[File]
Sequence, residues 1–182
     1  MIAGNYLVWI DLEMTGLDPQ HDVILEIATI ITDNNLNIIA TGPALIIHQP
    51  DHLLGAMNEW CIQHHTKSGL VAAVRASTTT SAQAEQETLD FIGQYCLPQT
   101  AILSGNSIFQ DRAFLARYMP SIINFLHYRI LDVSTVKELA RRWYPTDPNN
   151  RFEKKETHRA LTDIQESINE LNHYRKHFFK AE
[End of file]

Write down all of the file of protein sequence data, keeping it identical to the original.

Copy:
Sequence, residues 1–182
     1  MIAGNYLVWI DLEMTGLDPQ HDVILEIATI ITDNNLNIIA TGPALIIHQP
    51  DHLLGAMNEW CIQHHTKSGL VAAVRASTTT SAQAEQETLD FIGQYCLPQT
   101  AILSGNSIFQ DRAFLARYMP SIINFLHYRI LDVSTVKELA RRWYPTDPNN
   151  RFEKKETHRA LTDIQESINE LNHYRKHFFK AE